Control Breeding Sites to Control Mosquitoes

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This is Passport to Texas

Apply sunscreen this summer, and while you’re at it, apply products with DEET or essential oils that repel Aedes aegypti, a mosquito, suspected of spreading Zika virus.

It’s an introduced species, and it is most common around the eastern half of Texas.

Austin-based entomologist, Mike Quinn, says one way to lessen exposure to Aedes aegypti is based on the time of day you’re out and about.

The Aedes aegypti is a day biting insect, so it’s a little different [than other mosquitoes].

While reports of the virus in the US are travel related, pregnant women are encouraged to use caution, as zika has been linked to neurological issues in newborns. Quinn says the insects breed in standing water.

The Aedis isn’t a long distance flyer. So, controlling breeding sites on our property can be a very effective way to reduce the mosquito. And, it’s what we call a container breeding mosquito. And it’s in pots and barrels and toys and bottles; it can breed in a very small amount of water—a tablespoon or less even. But, it takes about a week under optimal conditions to go from egg to adult. So, doing a weekly cleanup of property—checking for water sources; changing out the birdbath water on a weekly basis is a good way to keep the population down locally.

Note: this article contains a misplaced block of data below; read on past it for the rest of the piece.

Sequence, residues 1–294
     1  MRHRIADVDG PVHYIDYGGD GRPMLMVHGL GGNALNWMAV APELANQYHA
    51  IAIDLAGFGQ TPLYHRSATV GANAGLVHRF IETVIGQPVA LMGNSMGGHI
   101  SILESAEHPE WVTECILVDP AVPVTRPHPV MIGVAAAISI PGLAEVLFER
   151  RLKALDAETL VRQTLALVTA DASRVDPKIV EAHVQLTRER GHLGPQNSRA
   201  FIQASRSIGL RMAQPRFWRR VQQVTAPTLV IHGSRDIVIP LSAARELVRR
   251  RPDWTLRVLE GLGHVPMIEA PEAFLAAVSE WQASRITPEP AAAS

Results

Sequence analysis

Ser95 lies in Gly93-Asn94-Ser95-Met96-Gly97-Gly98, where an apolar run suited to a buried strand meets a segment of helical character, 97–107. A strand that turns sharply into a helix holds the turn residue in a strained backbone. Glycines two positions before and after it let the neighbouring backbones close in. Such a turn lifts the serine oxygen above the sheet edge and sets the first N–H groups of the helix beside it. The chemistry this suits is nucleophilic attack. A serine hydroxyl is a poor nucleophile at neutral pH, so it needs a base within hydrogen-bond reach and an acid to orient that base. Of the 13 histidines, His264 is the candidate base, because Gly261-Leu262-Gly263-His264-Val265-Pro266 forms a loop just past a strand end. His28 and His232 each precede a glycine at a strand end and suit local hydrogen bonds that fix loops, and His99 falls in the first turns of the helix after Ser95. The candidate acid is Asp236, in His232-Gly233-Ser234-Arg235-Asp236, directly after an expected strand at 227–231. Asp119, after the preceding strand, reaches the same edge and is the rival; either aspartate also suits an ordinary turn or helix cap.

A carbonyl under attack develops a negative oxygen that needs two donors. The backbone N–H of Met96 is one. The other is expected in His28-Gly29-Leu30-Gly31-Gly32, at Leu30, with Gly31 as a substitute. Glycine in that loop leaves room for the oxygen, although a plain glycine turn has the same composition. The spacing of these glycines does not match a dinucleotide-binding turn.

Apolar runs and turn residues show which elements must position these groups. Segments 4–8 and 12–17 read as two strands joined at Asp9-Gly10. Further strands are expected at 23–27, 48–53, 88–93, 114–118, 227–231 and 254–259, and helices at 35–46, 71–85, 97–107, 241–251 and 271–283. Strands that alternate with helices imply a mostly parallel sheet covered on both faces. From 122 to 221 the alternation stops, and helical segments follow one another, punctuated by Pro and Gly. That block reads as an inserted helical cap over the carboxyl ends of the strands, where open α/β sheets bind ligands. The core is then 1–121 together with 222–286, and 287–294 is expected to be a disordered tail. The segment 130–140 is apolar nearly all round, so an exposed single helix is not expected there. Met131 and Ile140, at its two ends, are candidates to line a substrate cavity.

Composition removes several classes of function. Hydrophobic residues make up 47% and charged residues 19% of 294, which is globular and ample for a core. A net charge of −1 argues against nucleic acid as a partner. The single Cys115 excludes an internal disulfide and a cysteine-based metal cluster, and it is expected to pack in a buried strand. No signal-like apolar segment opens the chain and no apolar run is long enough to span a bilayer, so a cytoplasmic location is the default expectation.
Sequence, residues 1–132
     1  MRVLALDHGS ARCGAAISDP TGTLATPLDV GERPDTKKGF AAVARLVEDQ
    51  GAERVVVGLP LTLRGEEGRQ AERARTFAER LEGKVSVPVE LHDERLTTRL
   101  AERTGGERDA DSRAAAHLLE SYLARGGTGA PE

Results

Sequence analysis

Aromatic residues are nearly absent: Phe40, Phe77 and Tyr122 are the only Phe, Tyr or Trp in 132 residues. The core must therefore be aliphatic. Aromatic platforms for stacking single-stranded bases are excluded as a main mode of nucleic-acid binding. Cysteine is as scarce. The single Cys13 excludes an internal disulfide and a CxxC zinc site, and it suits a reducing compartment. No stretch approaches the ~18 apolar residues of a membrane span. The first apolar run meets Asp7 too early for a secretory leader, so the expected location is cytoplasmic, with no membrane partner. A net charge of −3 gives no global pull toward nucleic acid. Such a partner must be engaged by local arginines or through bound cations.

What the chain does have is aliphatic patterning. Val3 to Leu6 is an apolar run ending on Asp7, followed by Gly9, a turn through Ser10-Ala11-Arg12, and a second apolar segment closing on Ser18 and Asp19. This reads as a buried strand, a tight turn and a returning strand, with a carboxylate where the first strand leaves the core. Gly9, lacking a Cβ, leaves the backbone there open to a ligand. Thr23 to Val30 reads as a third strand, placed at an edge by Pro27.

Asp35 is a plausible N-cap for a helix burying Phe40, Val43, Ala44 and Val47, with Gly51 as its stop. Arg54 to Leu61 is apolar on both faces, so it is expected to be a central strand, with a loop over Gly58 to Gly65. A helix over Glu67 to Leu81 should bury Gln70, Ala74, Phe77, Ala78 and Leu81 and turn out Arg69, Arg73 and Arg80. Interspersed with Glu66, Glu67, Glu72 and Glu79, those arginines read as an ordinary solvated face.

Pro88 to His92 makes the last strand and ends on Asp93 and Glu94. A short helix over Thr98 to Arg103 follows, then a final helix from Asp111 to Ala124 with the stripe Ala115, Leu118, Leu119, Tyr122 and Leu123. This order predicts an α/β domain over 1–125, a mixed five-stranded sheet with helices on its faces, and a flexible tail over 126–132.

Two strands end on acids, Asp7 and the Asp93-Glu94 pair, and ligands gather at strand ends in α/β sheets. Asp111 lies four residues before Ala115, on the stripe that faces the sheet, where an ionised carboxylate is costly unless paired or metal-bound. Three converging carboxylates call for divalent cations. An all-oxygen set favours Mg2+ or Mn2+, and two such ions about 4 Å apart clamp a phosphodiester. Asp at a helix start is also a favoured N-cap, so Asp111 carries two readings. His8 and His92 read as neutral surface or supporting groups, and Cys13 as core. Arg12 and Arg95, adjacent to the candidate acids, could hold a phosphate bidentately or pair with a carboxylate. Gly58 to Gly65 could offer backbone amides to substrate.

Find links to more information about Aedes aegypti and the zika virus on the passport to Texas website.

The Texas Parks and Wildlife Foundation supports our series and helps keep Texas wild with the support of proud members across the state. Find out more at

For Texas Parks and Wildlife…I’m Cecilia Nasti.

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